Inside Windows Vista RC1: Initial test drive

Is Windows Vista ready for prime time?

Is Windows Vista ready for prime time? Microsoft is throwing open the doors on a very large public test of Vista Release Candidate 1 (RC1), which means for anyone who has a hankering to try it before it costs money, this is likely your last chance. So, whether or not it's ready, over 5 million people will be invited to find out. Microsoft is clearly betting that it's good enough to try.

Based on an initial test drive, Vista RC1 is the first version of the forthcoming Windows operating system to show true refinement, both in terms of reliability and overall performance. For this story, Computerworld worked with Vista Build 5600 on five test machines for a period of about 48 hours. It's the tip of the iceberg, offering initial impressions that will be followed by a more exhaustive review in the days ahead. But during the first two days, Vista RC1 didn't disappoint. For the first time, it feels stable enough to run on a production PC.

Performance takes many guises. Microsoft is promising 2-second resume times from Sleep mode that don't degrade over time. Another performance boost comes from smartly balancing the usage of CPU time. Microsoft is giving background services, like Windows Defender, lower input/output priority to increase the performance of your line-of-business applications. In particular, it aims to make applications load quickly and to maintain that state of alacrity over time. It's too early to say whether the software maker has achieved that in RC1, but resume-from-sleep times are in the 3-to-5-second range. And applications such as Microsoft Word appear to pop open quickly. Time will tell.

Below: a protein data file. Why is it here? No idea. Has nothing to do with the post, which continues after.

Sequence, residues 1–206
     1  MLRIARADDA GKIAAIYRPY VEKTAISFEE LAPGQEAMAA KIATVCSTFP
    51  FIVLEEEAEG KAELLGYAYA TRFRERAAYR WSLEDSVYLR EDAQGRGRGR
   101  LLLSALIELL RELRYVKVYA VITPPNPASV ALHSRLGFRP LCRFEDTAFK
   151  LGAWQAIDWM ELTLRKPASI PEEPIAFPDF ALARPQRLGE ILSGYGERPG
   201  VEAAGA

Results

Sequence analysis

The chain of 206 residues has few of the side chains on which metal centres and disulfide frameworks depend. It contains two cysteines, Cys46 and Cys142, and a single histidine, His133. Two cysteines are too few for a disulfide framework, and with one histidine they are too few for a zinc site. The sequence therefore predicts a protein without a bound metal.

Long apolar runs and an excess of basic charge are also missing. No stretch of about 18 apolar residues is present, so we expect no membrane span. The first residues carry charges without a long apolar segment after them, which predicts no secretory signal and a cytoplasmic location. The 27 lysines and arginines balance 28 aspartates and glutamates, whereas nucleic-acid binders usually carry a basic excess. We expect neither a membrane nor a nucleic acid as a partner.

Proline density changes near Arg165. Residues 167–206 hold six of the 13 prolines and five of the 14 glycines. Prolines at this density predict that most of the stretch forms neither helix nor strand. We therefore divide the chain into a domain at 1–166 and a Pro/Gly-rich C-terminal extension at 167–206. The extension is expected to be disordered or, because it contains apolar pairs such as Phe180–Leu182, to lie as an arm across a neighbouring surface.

Nuevo Networking

RC1 introduces a fairly radical overhaul of the Network and Sharing Center. It merges two previous networking control panels into one, and reworking the functionality makes it truly useful for the first time. The new Manage Wireless Networks task area finally gives wireless networking users a logical, useful way to control named and saved Wi-Fi connections. You can right-click the Network desktop icon and choose Properties to open the Network and Sharing Center. Or click the Network icon in the system tray to initiate a new network connection.